An Artist of the Floating World is a nice pleasant read Although Ishiguro had not lived through this period and lives in England, he evokes the languid rhythms of life in post war Japan with panache His protagonist addresses the reader in the second person over the entire book, telling us of his career as a propagandistic artist of pre war Imperial Japan and his retirement There is a marked similarity between Oji and the protagonist of The Remains of the Day, in that each had acted in morally ambiguous ways based on belief and their actions indirectly led to the atrocities of WWII in the two different theaters of Europe and Asia Ishiguro invokes the Edo period of Tokyo although the city is never named directly and the destruction of the pleasure district in rounded, sensual tones just as the art of Ukiyo E did The protagonist was, in fact, trained as a traditional painter before being seduced by dreams of modern Japan led him to political painting This had an adverse affect on his life particularly his relationships after the war The image on page 77 of the painter seeing his old protege Kuroda in the ruins of the post war city and how a truck going by between them , full of building workers is symbolic of this vast distance that his political stance put between him and his former master and students This is an interesting and well written book and if you are interested in this period, check out Kafu the Scribbler by Siedensticker which is about a real Japanese writer that would have been similar to Mori san in the book. . An Alternate Cover For This ISBN Can Be Found HereIn The Face Of The Misery In His Homeland, The Artist Masuji Ono Was Unwilling To Devote His Art Solely To The Celebration Of Physical Beauty Instead, He Put His Work In The Service Of The Imperialist Movement That Led Japan Into World War II Now, As The Mature Ono Struggles Through The Aftermath Of That War, His Memories Of His Youth And Of The Floating World The Nocturnal World Of Pleasure, Entertainment, And Drink Offer Him Both Escape And Redemption, Even As They Punish Him For Betraying His Early Promise Indicted By Society For Its Defeat And Reviled For His Past Aesthetics, He Relives The Passage Through His Personal History That Makes Him Both A Hero And A Coward But, Above All, A Human Being Ishiguro is at his absolute best when he is exploring pain He takes mundane characters, ordinary people, and demonstrates how the present is perpetually pervaded by the past.Memories shape us and, in some ways, define who we are There is no moving away from them, no matter how hard we might try And that s what makes most of his stories so compelling, the human struggle is something he evokes in all its bitterness yet, here he failed Normally when I pick up one of his novels I am drawn straight into the narrative immediately I can t think of a time other than this book where I wasn t immediately invested I don t always appreciate the outcome of his stories, Never Let Me Go for example, though I have always been gripped by his words very early on Here there was just a certain lack of plot or any sense of direction Had I picked this book up without knowing who had written it, I would never have guessed it was Ishiguro A retired painter is looking back at his life He is moping in his home and doesn t spend much time trying to shape the present, as such the story suffers It is slow, monotonous and rather colourless He has no passion for his life or his family He is just existing rather than living He is the family patriarch, though his family, a situation quite unusual by the standards of Japanese culture, treat him like a little child He has nothing left No life No spark No energy All of which reflects in the dry narrative He just seems to get on with life because he has to though there is nothing in his story to suggest a reason for such a resignation Perhaps I expect too much from Ishiguro I ve read his later works and I know how fantastic he is at writing This is one of his earlier books, and of course it would not display the same sense of skill, but I do expect certain things A Pale View of Hills was his first book, and although it was far from perfect, it was far developed than this The characters were intriguing and the plot was actually going places This was the exact opposite It has nothing and I can only rate it very low So this is a book by a writer who can do so much better I would not recommend picking it up and instead go for When We Were Orphans or The Remains of the Day. If you ve already read The Remains of the Day, chances are your enjoyment of An Artist of the Floating World will be greatly curtailed And that is the sheer tragedy of this book.Replace Stevens with Masuji Ono Replace a tottering England with a war ravaged, financially unstable Japan and insert Ishiguro s penchant for allegory And TADA you have An Artist of the Floating World.This book had potential to be a very emotionally charged commentary on a nation rebuilding itself from its charred atomic bombed remains and reflecting on the flawed ideologies of its notorious past.But instead it felt like a curious combination of The Remains of the Day and A Pale View Of Hills with little improvisation thrown in If in TRotD, Stevens laments living a life devoted to serving a Nazi sympathizing, Jew hating Lord with unquestioning loyalty, in AAotFW, Ono san experiences feelings of profound guilt for having created paintings supporting the war and Imperial jingoism We see Ono repeatedly trying to convince himself that his ideals were not at fault and he only did what his feelings of patriotism obviously misguided inspired him to, at the time.But at the fag end of the narrative, Ono comes to terms with hismistakesand even ends up offering an unsolicited apology to his daughter s father in law at her miai marriage interview session in Japanese TranslationIshiguro virtually makes Japan get down on its knees and apologize to the world for all its crimes against humanity The evanescent night life of the pleasure district that Ono san uses as a theme for his paintings is actually a symbol of a floating , hesitant Japan about to turn over a new leaf I cannot exactly put my finger on the things I did not find particularly appealing about this book Maybe it s the matter of fact tone of Ono s narrative voice which will tend to annoy the reader at some point Maybe it s the lack of a shadow of grief or an air of melancholy that pervaded the atmosphere of TRotD and A Pale View of Hills Maybe it s the glaring similarities with TRotD Or maybe it s the Booker nominated writer Tan Twan Eng saying in an interview how he reads this book at least once every year which caused me to have really high expectations.I had assumed, a book ought to have created an exceptionally powerful impact for it to be Eng s all time favorite But I guess as a Malaysian national, he must have strong sentiments associated with any book that so much as touches upon the topic of Japan s shameful past as colonial master of most of east south east Asia.So my advice for the uninitiated will be Read Ishiguro s works in order or at least read this one before reading The Remains of the Day. An Auction of PrestigeHarold Bloom in his 1975 book A Map of Misreading recast literary history as a record of the struggle between the son and his literary father it has frequently been pointed out that Bloom is than a bit sexist in his expression Through a Kabbalah like misinterpretation of one s literary forebears, Bloom believed, a writer both builds on and destroys the work he admires most This provokes a sort of anxiety in the writer, a struggle of wit and language with one s mentors which results in both creative new work, and a re creation of the old.Ishiguro s book is an example of the process, extended to fine art and from the perspective of the mentor being misinterpreted The fact that the book is set in the very restricted cultural location and time of Japan in the immediate post war years seems, paradoxically, to generalise Bloom s idea not just to painting but also to the broader culture in which artistic effort is embedded.Masuji Ono is an artist of his time, a man of tradition and set ways, a man of polite formalities, and devoted to the importance of history but also to hard drinking and male loyalties He has a patriarchal view of society which, although liberal than his parents , nonetheless borders on the misogynistic Like almost all Japanese of the period, he was a nationalist who responded to the war and its aims enthusiastically.The physical losses resulting from the war are of course traumatic Masuji s son and wife have been killed his house damaged and his neighbourhood destroyed But the spiritual trauma proves just as distressing From being a pillar of the artistic community, he is now not simply old but old hat Western s are undermining traditions and family relationships as well as artistic fashions His pre war loyalties are now suspect The central event of the story, as in Masuji Ibuse s Black Rain, is the betrothal of his daughter Marriage is still a highly formalised and negotiated affair Yet these negotiations take place in a world that has changed radically and it is unclear if either his parental skills or his art are adequate to their respective tasks In Black Rain the issue is the physical purity of a woman after exposure to radiation from an atomic blast In Ishiguro s narrative the issue is also one of purity, but of a much subtle familial purity involving Masuji s war time activities In both cases the opinions of others must be investigated minutely in order to reach a settlement.According to Bloom, in a very Freudian manner the artistic son, by working through his own anxiety, gives birth to his father, or accurately a re birth in a new cultural oeuvre This involves the son overcoming both the history of respect and the resentment they go together for the father But for Ishiguro this process also demands an awareness by the father of his past dominance and faults inflicted upon the son and a recognition of a need for forgiveness For Ishiguro, the son and father give birth to one another simultaneously through a sort of inverted auction of prestige only by subverting one s reputation and personal pride to those of the other is creative reconciliation possible This dynamic applies as much to generations as to individuals As a by product, it removes art entirely from the domain of economics, that is, of self interest Ishiguro suggests that this process of inter generational reconciliation is what makes true art It is a process that unites not just artists but an entire culture, creating not just solidarity but also an openness to the new and foreign This is the way in which art transcends the eponymous floating world of transient appearance, fashion, and reputation.I have no idea whether Ishiguro is familiar with Bloom s theory of literary development But, if so, he certainly has re invented that theory by appropriately misreading it in this captivating book. There s such much drama in nothing at all That s the genius of Ishiguro here and in his masterpiece Remains of the Day, the actual plot is that nothing happens, and it s fuckin gripping.Masuji Ono is an artist During World War II he ended up on the wrong team he arted up some propaganda, and now that Japan s lost the war he is embarrassing His reputation has crashed Maybe his daughter s impending marriage will be called off, if the family discovers some of his disgraceful former attitudes He wonders His other daughter throws passive aggressive shade at him PropagandaHe s an unreliable narrator, another thing in common with Remains. Not a big flashy unreliable narrator, like I was the killer all along It s delicate, and Ishiguro is brilliant at this, quietly insinuating that the words on your page shouldn t be trusted Ono s unreliable the same way that you are an unreliable narrator of your own life You sometimes get it wrong You ve been better or worse than you thought I mean, you, particularly, you ve definitely been better, you re great Certain other people have, frankly, been dicks.Ono has been a dick How much of a dick He meanders as he narrates, jumping around, prewar, war, postwar In the end view spoiler nothing happens His betrayal of his own protege to the Committee of Unpatriotic Activities goes unpunished His daughter gets married He pauses at the Bridge of Hesitation, on the way to the pleasure district, to consider a similarly disgraced colleague who committed suicide after the war Then he wanders on Near the end of the book, his daughter changes her story You realize I had to have it explained to me that she s trying to keep him from committing suicide It wasn t so bad, she says The marriage was never in jeopardy No one cares what you did during the war hide spoiler , Rereading this novel I felt that the award of the 2017 Nobel prize for Literature to Ishiguro was a very safe choice.In one way Ishiguro s books are not very interesting, the narrator might be unreliable or limited, there is a concern for memory and the role of a creative intelligence in understanding and reinterpreting the past, there are issues of guilt and responsibility, and love And one can find these elements in book after book But he is deft and clever, a safe choice for the nobel prize, his stories might even invite a careful reconsideration of the award decisions and the motivations of Alfred Nobel.At a certain point reading I was almost hurt to acknowledge that the book was only 206 pages long, how could that be, the sense of the mental space that the book demands of the reader is far greater, not in an obnoxious way, no he is an insidious writer, one doesn t notice the soft mist rising from the pages, one can not discern the moment that one becomes lost on a familiar path.Putting down the book and letting the mind wander and wonder a bit images seem open to continual reinterpretation, the reader mirrors the narrator trying to find some sense in the situation, but perhaps I must not take my mind s work too seriously the title is An artist of the Floating World, the floating world was the ephemeral existence of bars, of professional entertainers, boozy talk and dim, cosy lighting, certain artists attempted to capture the fleeting emotions and atmosphere perhaps the melancholy of a prostitute and her transitory beauty, as it happens the narrator was not an Artist of the Floating World, but his Master was, the narrator at some point turns his back on that in favour of painting posters promoting nationalism and expansionism, Japan s place as Imperial super power over Asia a man who aspires to rise above the mediocre, to be something than ordinary, surely deserves admiration, even if in the end he fails and loses a fortune on account of his ambitions p.134 The novel is divided into four unequal sections, each identified with a little time stamp, from October 1948 to June 1950 So one can see that the bright world of Imperialism, has turned out to be brittle and itself was a kind of floating world, melancholy in retrospect, the war dead haunt the pages, and when not those who died then the guilt and culpability of the survivors Bright suicides slice into the narrative, of company directors, of a composer of militant songs, might it be the narrator s duty to apologise in such a manner and to so accept his share of responsibility, and if so responsibility for what preciselyBut these are the men who led the country astray, sir Surely, it s only right they should acknowledge their responsibility It s a cowardice that these men refuse to admit to their mistakes And when those mistakes were made on behalf of the whole country, why then it must be the greatest cowardice of allp.56 The smell of burning wafts in, two, three times, finally the burning after air raids, but and this is the thing with his writing the smell carries us back to earlier instances of burning, of another s artist s anti war work, of the narrator s own childhood drawings by his father, were might we begin and end the chains of responsibility and causality Burning suggests not so much the possibility of the roads not taken, but of potential lives that were absolutely and decisively closed off for the narrator, but maybe this too is a way of subtly avoiding responsibilityIn any case, there is surely no great shame in mistakes made in the best of faith It is surely a thing far shameful to be unable or unwilling to acknowledge themp.125 Can we even be certain about the harm we have caused, and when we have can we expiate that harm, do penance in some meaningful way Can we talk about it to the next generation And to the next The narrator takes his grandson to the cinema to watch Godzilla, the grandson projects his fears on to his aunt and shows bravado the boy doth protest too much by laughing at the cinema poster, but in the darkness he has at age seven, enough self knowledge to sit with his raincoat over his head Has his grandfather gone through life with his own raincoat over his head, is throwing a raincoat over one s head and ignoring the Godzilla in the room, the best way in fact of dealing with the immediate past when perhaps everybody was guilty and at the end of the day appropriate marriages still have to be arranged between the young people, and the old men have to feed the carp It was worth reading twice, and puts The Chrysanthemum and the Sword in the shade for me old reviewThis impressive novel set in the aftermath of WWII in Japan Ishiguro creates a sense of stillness and normalcy around his narrator who comes across as an elderly but genial artist Things happen around the narrator that seem inexplicable the breakdown of his younger daughter s engagement, the loss of long standing friendships The outside world seems oddly strange But as the narrator reflects on his life and his current troubles as readers we slowly begin to realise that the narrator s experiences are entirely explicable since slowly the extent of his committed engagement both personally and as an artist in the politics and ideology of pre 1945 Japan becomes clear. Second reading The gist of this novel is the narrator s culpability for his patriotic actions during the war with the U.S Set in a suburb of Tokyo during the American occupation, the narrator, Masuji Ono, is now surrounded by those who blame him for Japan s disastrous gamble on war and those like himself Ono s generation was that of the old men cheerleading for war And there can be no question about his complicity In his youth he trained as an artist of the demimonde or floating world, but turned to graphic propaganda during the war His work was responsible for motivating untold thousands of young Japanese men to throw their lives away Here s the rub though Ono in the end was nothing than a patriot I agree that nationalism is abhorrent and that he was on the wrong side of history But really it was Ono s misfortune, as it was Japan s, to be so catastrophically led It strikes me as absurd that those around him berate and belittle him There is even the suggestion by his eldest daughter that he do the honorable thing and commit seppuku, literally, stomach cutting , as a means of cleansing the family name and clearing the way for the younger daughter s marriage negotiations Reading the book I was reminded of how U.S soldiers were treated when they returned from Vietnam Ono was a combatant, no question But it s really those around him him who ve changed since the defeat, not Ono himself Also read Ishiguro s The Remains of the Day, A Pale View of Hills and When We Were Orphans.I believe Ishiguru s model here may have been Yasunari Kawabata, the Japanese Nobelist An Artist of the Floating World reminds me in some ways of Kawabata s The Old Capital I wish I had time to compare and contrast.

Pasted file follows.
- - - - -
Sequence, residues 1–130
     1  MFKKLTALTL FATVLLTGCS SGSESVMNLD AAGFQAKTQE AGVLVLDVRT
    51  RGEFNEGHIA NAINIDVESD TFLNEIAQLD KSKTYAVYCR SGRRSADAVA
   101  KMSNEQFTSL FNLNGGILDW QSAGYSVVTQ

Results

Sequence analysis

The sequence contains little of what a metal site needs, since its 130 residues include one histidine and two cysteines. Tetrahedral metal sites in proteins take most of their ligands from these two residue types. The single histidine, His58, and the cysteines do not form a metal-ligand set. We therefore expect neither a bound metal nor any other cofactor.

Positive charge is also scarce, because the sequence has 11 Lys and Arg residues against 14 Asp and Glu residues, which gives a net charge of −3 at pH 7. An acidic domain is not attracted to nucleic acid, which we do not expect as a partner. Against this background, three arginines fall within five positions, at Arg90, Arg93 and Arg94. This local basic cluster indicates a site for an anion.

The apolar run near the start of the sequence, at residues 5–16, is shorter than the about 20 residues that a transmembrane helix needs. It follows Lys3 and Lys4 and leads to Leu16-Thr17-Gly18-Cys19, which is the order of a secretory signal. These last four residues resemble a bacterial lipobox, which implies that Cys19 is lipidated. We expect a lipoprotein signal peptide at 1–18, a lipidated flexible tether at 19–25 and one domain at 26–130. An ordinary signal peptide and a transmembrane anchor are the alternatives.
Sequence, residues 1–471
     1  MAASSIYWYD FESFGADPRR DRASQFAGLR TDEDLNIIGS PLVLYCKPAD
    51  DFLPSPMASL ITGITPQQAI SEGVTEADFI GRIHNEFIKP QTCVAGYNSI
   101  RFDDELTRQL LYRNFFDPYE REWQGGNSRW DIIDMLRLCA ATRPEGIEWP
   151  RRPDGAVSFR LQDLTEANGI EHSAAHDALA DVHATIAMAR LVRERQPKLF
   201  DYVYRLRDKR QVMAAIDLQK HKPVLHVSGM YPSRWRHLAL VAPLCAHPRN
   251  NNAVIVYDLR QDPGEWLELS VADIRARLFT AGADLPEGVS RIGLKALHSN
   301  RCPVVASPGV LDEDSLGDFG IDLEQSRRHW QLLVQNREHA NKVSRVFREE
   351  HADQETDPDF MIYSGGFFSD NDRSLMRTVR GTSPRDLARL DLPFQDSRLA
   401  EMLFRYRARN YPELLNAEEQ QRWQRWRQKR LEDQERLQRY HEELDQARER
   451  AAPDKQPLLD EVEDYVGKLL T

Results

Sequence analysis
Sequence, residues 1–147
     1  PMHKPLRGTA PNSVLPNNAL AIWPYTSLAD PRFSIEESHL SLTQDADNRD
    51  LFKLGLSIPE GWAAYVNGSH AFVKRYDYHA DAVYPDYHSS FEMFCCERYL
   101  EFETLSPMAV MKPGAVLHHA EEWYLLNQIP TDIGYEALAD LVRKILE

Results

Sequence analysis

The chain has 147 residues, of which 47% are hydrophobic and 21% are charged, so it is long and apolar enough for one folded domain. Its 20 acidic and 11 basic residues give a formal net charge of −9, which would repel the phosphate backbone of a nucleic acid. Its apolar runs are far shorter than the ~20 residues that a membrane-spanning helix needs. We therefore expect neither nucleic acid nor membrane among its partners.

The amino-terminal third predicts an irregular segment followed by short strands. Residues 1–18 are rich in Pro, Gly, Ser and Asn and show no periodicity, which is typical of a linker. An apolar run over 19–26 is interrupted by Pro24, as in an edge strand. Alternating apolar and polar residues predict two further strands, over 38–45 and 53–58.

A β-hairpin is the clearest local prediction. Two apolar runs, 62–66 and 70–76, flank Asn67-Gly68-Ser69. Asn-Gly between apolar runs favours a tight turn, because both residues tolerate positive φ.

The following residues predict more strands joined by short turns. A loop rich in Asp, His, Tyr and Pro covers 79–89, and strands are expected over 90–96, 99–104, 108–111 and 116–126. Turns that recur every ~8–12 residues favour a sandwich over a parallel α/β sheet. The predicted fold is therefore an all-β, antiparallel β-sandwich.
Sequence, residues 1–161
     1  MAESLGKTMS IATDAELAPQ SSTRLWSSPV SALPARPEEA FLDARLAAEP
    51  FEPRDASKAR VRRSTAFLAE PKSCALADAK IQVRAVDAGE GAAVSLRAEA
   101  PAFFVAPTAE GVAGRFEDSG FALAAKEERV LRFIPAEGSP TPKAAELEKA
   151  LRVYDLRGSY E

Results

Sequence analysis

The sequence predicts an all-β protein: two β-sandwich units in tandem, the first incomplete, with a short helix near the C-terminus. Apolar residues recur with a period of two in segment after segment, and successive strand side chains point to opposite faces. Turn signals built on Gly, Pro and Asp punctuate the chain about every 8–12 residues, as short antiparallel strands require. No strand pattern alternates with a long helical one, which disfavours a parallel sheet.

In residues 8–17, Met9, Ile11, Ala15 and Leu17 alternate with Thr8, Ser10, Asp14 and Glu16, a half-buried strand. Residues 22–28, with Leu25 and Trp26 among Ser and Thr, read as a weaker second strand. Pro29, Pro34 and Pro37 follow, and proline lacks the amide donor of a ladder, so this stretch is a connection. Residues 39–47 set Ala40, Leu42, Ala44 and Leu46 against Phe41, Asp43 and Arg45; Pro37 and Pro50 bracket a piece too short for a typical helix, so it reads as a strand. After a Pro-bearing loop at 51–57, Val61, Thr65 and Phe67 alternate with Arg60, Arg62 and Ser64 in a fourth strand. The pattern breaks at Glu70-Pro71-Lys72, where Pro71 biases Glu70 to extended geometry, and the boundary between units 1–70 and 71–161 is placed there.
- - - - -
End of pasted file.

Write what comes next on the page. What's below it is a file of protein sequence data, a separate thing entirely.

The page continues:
Kazuo Ishiguro or is a British novelist of Japanese origin and Nobel Laureate in Literature 2017 His family moved to England in 1960 Ishiguro obtained his Bachelor s degree from the University of Kent in 1978 and his Master s from the University of East Anglia s creative writing course in 1980 He became a British citizen in 1982 He now lives in London.His first novel, A Pale
- 208 pages
- An Artist of the Floating World
- Kazuo Ishiguro
- 01 November 2017 Kazuo Ishiguro